Most of his jobs early on were at major universities. In the mid-1980s, he was the director of the Grunwald Center for the Graphic Arts at UCLA. He later served as director of the Hood Museum of Art at Dartmouth College from 1989 to 1991 and director of the Harvard Art Museums for the following decade. After a brief stint as head of the Courtauld Institute in London, he took the job at the Art Institute of Chicago in 2004 — a job previously held by Wood, also his Getty predecessor.

At the Art Institute, he completed a $420-million capital campaign, opening the Modern Wing in 2009 despite the economic downturn. Roughly $120 million was already in place by the time Wood left; $300 million was raised by Cuno. He managed an endowment of $600 million, with an annual operating budget of about $100 million. According to the Chicago Tribune, annual visitor traffic grew to around 2 million in 2009, up 33% from the previous year despite a 25% ticket-price hike.

When asked about his contributions there, Cuno singled out not just the addition of the Modern Wing but “working with the curators to add significantly to the collection.” He mentioned artworks acquired recently in departments ranging from African art to contemporary art with the pride of a new parent.


“I would never have left this job for another museum job,” Cuno said, reached by phone in Chicago. “But the opportunities at the Getty, with its range of programs and collections, were just too attractive.” And by collections, he means more than museum collections — he talks about the Getty Research Institute, with “perhaps the greatest art history library in the country and enormous primary archives,” as well.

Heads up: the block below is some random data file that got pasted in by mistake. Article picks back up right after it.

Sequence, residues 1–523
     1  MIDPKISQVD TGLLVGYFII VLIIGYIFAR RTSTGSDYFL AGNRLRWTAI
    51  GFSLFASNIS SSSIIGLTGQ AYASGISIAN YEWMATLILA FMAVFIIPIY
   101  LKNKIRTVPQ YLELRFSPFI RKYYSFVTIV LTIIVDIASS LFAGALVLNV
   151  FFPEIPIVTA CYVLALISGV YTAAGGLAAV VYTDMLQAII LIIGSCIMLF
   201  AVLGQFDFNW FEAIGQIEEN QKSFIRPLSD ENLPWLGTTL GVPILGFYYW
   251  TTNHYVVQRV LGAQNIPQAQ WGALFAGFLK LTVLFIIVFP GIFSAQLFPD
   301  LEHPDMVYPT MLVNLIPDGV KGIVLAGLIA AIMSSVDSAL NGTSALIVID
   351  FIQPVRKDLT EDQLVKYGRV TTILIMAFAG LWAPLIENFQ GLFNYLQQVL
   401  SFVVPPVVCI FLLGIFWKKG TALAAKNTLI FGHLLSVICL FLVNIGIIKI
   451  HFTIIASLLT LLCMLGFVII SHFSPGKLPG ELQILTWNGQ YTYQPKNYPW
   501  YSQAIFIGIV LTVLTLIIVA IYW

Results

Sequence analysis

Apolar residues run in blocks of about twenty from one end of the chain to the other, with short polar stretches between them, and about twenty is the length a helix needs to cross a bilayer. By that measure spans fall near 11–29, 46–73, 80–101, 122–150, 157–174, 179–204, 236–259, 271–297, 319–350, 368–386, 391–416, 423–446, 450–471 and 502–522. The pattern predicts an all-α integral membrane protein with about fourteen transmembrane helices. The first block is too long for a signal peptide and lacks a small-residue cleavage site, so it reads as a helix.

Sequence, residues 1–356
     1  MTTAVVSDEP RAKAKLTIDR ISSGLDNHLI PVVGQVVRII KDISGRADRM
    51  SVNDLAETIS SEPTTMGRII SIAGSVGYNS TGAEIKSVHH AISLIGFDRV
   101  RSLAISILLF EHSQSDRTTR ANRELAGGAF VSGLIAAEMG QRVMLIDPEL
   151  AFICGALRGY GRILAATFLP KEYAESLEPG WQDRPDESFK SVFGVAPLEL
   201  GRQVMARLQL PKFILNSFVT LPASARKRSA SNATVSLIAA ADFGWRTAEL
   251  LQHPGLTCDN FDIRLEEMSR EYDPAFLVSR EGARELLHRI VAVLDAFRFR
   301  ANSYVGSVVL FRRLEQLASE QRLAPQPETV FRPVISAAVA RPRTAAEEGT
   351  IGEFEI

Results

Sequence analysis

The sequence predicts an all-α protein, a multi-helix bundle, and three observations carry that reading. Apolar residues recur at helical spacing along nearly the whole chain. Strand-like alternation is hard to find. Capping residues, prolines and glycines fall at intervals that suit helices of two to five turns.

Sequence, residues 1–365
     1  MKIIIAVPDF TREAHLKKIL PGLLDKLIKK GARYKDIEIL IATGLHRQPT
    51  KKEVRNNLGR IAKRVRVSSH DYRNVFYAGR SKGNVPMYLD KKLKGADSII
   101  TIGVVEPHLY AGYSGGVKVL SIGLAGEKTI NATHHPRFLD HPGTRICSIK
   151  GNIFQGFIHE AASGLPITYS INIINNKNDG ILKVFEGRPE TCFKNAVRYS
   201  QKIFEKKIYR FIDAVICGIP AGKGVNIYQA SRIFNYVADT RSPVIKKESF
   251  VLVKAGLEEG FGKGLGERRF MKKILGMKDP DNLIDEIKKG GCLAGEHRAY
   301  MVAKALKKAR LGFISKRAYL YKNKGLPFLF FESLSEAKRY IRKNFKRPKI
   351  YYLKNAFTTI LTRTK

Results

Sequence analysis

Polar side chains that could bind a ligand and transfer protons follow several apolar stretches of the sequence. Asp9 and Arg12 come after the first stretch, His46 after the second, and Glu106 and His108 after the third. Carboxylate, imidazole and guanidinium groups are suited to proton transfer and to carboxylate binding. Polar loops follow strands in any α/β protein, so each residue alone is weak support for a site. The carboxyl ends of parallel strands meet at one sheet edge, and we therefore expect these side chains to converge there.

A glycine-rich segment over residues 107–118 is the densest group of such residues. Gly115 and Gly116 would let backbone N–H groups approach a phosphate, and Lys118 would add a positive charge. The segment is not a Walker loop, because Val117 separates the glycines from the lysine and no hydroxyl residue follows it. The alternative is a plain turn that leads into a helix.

He says his goals for the Getty, where he will not have the same fundraising mandate, include “bringing the heads of the four divisions together to articulate a plan and pursue a common mission.” He acknowledges that the four branches have not always worked together as well as possible, describing “the great potential” for these divisions “to find ways not just to collaborate but to leverage the benefits of one to another.”

The questions being raised about the Getty’s commitment to respecting the cultural property of other countries stem from Cuno’s comments and writings on this heated topic.

Over the years, Cuno has criticized cultural patrimony laws for being too restrictive or politically motivated. His 2008 book, “Who Owns Antiquity?,” describes the “cosmopolitan” value of an “encyclopedic museum” that draws from many cultures, criticizing what he sees as “nationalistic” claims made by modern nations like Italy that have only weak ties to the ancient civilizations that once occupied the same land.

The Getty, meanwhile, has been trying to move beyond its antiquities scandals and respect the cultural property claims of other nations, most notably Italy.

The institution became the center of international controversy when former antiquities curator Marion True was criminally indicted by Italy in 2005.

It has since returned over 40 objects to Italy and adopted a new acquisitions policy that prevents the institution from acquiring an antiquity unless it was known to have already left its presumed country of origin before 1970 and “there is no reason to suspect it was illegally exported.”

Colin Renfrew, a leading archaeologist at Cambridge University, calls Cuno a “seemingly odd choice” to lead the Getty because of his position on this topic.


“But if he maintains the new acquisition policy, he may do no harm,” Renfrew says. “If he persuades the trustees to renege on that policy he will make the Getty once again the black sheep of the Western world. We shall have to wait and see.”

Cuno says that his appointment does not signal a change in Getty’s antiquities policies. “No, I’m certain they won’t change. The decisions that the Getty made were absolutely right for the Getty,” he says.

“In terms of my criticism of cultural property laws, I think reasonable people can disagree on these matters, and I very much look forward to engaging in conversations with colleagues around the world. I think we are all seeking the same thing: to preserve the objects of antiquity and broaden public and scholarly access to them.”

Times staff writers Mike Boehm and Jason Felch contributed to this report.